Note from me: I wrote Judy to let her know that a Lhasa vomiting bile is often the result of an empty tummy. I find that if I give my Lhasas a biscuit before bedtime, no one vomits bile! She does not need change her food! Oh the things vets do not know about our breed!

From Julie about Jenna (now Linda): "Hello Joyce, I’ve been meaning to write you and let you know how things are going. I did rename Jenna to Linda. She learned her new name very quickly. It's a strange name maybe but it’s how I know her.

Linda is doing so well. I feel so lucky I got her and I think she is lucky to have me. My mom loves her too and often babysits her when I’m at work. She doesn’t play with toys but loves walks and loves to run excitedly around the house. I give her smoked bones sometimes but she hides them more than she eats them. She likes to check on them periodically.

Linda is such a well behaved dog. I describe her as a “lady” because she is polite and never offensive. I definitely recognize the “lhasatude”. She holds her head up very high. She walks past other dogs like royalty and never barks at them. I can tell she’s annoyed with me when I’ve worked a few days in a row (she won’t sleep as close to me). She doesn’t do anything she doesn’t want and lets me know by staring at me like I’m ridiculous. She’s also a great guard dog will watch a door for a few minutes before settling down. 

I was initially hesitant about getting an older dog but the match could not have been more perfect. I know it must be hard for you to say goodbye to dogs and I want you to know Linda is living a good life."

Although it is difficult for me to imagine the beloved Jenna as a Linda, I am so happy that this placement has worked out. Jenna always wanted to be a "Queen" around here. Now she does not have to share her realm with any other dog. She must be thrilled!

This morning was  bittersweet because Onyx left for her new home where she will be with other Lhasas, two of them Joyslyn's Lhasas (Ty and Izzy). Her new owner, Judy G, plans to train her for agility and rally. It was hard to see her leave but I had geared myself up for it because I had promised Judy a while back that she could have Onyx when the time came.

Onyx - early in her show career

Never be afraid to adopt an adult Lhasa! Most breeders will have "young retirees" around 4-6 years old, and given the length of time a Lhasa lives, that leaves plenty of years of Lhasa love.

One Last Thing...

I want to share the following with you because it is important that this bill be passed. Dogs coming into this country without health checks are bringing diseases that impact our American dogs. (Remember the terrible dog flu a few years ago?) Many other countries require appropriate health checks and paperwork. It is past time the US does so too.

From AKC: "According to the US Centers for Disease Control and Prevention (CDC), up to 1.25 million dogs are imported into the U.S. annually. Many of these dogs are coming in without valid health certificates –and many of them are carrying contagious zoonotic diseases. Exponential growth in dog imports from a wide range of overseas sources has resulted in recent incidents of dogs with non-native parasites and zoonotic diseases such as rabies, viral infections, canine influenza, brucellosis and others, being imported and passed onto the general public. Current pet import oversight mechanisms established prior to the exponential growth of imports are unable to protect against this public and animal health threat.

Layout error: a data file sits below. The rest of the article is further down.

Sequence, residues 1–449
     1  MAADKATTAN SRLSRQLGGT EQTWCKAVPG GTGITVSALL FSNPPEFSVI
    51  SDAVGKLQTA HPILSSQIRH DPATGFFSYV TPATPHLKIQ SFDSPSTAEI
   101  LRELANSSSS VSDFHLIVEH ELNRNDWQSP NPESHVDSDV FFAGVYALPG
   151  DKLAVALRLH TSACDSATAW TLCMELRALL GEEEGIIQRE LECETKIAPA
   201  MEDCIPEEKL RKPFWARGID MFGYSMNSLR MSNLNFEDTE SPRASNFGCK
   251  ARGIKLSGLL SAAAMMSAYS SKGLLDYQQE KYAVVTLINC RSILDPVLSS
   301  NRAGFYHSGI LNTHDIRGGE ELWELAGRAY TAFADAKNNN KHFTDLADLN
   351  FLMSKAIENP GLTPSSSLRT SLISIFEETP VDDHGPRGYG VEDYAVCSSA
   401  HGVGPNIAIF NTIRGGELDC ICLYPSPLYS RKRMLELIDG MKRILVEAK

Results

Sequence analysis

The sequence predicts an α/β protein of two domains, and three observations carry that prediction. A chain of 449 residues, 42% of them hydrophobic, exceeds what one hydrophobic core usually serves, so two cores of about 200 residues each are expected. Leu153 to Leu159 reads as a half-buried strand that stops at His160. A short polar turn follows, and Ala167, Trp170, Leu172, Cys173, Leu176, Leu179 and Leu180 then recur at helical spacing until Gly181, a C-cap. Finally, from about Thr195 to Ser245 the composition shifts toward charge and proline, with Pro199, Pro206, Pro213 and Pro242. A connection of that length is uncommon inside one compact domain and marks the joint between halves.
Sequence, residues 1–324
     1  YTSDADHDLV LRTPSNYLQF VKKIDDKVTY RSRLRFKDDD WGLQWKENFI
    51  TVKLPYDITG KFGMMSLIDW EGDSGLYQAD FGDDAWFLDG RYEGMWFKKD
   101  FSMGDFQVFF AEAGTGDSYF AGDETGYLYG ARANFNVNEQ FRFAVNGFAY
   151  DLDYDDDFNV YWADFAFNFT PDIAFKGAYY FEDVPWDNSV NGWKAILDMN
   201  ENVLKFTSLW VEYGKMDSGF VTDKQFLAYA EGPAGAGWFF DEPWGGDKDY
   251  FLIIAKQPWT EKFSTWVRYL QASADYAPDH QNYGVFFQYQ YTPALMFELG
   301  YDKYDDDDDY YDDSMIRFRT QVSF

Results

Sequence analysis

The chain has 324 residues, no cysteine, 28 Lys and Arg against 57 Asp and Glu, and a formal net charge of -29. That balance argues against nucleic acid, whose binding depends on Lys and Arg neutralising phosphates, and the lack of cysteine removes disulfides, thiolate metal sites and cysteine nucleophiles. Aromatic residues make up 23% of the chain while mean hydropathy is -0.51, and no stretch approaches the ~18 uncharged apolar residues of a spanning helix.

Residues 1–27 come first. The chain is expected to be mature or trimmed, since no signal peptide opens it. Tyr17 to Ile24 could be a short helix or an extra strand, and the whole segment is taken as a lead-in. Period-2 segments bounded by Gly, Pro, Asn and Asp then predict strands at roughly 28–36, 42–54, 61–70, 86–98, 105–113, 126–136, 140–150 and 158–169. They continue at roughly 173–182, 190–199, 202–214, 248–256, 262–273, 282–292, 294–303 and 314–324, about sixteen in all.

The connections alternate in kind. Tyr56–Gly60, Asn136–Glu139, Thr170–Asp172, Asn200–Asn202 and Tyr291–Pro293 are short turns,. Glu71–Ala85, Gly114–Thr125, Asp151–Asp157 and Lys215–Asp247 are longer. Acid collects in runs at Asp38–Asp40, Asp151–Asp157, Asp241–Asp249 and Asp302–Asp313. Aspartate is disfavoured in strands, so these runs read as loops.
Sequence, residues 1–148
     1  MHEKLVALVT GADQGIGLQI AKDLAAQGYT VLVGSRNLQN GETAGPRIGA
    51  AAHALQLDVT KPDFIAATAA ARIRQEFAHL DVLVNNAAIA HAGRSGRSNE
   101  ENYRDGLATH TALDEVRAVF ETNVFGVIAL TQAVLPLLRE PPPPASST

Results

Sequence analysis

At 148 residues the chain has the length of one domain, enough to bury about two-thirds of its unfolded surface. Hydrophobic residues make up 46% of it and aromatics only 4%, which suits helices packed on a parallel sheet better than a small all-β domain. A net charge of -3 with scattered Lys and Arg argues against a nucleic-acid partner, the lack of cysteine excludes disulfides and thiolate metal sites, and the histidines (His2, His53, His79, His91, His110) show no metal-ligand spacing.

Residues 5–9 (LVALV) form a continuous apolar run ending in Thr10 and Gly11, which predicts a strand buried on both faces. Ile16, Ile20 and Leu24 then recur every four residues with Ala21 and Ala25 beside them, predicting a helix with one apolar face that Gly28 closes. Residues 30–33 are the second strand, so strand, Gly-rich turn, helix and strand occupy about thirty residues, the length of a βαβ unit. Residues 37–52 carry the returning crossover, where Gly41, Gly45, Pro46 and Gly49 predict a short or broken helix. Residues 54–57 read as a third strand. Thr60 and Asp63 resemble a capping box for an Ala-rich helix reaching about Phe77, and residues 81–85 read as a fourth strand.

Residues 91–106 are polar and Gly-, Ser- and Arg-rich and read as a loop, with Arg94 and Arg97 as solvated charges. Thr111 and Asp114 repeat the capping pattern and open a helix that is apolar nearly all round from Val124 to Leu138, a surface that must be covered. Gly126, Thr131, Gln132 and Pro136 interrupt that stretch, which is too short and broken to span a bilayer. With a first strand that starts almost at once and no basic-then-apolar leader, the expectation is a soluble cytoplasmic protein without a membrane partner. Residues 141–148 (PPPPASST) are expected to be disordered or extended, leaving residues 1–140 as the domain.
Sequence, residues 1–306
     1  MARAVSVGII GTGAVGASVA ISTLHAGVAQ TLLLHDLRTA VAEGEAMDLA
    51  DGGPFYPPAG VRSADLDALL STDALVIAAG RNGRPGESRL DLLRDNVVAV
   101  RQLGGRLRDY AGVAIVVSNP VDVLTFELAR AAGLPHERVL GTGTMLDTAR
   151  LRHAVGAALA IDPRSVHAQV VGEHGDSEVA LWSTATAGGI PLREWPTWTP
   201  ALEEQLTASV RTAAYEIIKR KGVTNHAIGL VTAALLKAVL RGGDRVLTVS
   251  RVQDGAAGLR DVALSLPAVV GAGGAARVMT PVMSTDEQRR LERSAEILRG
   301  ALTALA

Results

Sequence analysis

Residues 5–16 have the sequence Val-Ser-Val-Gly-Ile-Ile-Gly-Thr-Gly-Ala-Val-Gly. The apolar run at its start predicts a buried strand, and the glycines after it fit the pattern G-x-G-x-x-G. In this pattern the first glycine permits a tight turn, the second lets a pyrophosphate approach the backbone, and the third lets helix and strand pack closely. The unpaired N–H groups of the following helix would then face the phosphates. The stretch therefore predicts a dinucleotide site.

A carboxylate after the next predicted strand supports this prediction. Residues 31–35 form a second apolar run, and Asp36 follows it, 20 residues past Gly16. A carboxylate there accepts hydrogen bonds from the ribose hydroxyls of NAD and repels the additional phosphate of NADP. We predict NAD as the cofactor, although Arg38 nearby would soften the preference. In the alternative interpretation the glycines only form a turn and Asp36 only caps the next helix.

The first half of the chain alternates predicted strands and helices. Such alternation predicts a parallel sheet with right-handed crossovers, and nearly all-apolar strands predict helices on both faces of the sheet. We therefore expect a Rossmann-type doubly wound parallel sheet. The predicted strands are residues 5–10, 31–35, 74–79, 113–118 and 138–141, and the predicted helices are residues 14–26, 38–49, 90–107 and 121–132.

The Healthy Dog Importation Act would address these significant concerns by providing additional tools to the U.S. Department of Agriculture to prevent the import of unhealthy animals, while continuing to allow imports of healthy dogs.
Key provisions of the measure:
•Provide authority to the U.S. Secretary of Agriculture to determine which vaccinations and other health information is required for entry of dogs into the U.S. This authority will be carried out by USDA’s Veterinary Services (VS) division.
•Require every dog entering the U.S. to be accompanied by a certificate of veterinary inspection (health certificate), issued by a licensed veterinarian accredited by a competent veterinary authority recognized by the Secretary. The health certificate must certify that the dog has received all required vaccinations and demonstrated negative test results.
•Require submission of health certificates to USDA, which will maintain a centralized, publicly available data base. Required documentation may be submitted electronically. All submitted information will be made available to the secretaries of Health and Human Services (CDC), Commerce, and Homeland Security (CBP) to promote interagency coordination and facilitate verification upon arrival in the U.S. Required documentation may be submitted electronically
•Require permanent identification of all dogs imported.
•Allow the Secretary of Agriculture to set fees for the issuance of importation permits to help offset costs for increased monitoring and oversight.

What You Can Do:
AKC strongly encourages all dog owners individually, as well as clubs, to contact their member of Congress and Senators and ask them to support the Healthy Dog Importation Act.  Let them know this is a bipartisan, common sense solution to address a significant public health threat for both pets and the people who care for them.
For additional talking points and information, review the following:
One-page fact sheet
Article: Ban on Dogs a Wake-Up Call About Importation Health Crisis
AKC GR’s Key Issues page on Pet Imports: Protecting Pet and Public Health (
Use the form provided to directly contact your Member of Congress, or visit the AKC Legislative Action Center ( and type your zip code in the “Find Officials” box to get your member of Congress and Senators names and contact information.  
AKC Government Relations will continue to provide updates as they are available.  For questions or more information, contact AKC GR at
We thank YOU for helping to make a difference for the future of our breeds, and the health of all dogs.  
Message your Rep now!"

That's All Folks! Thanks for reading!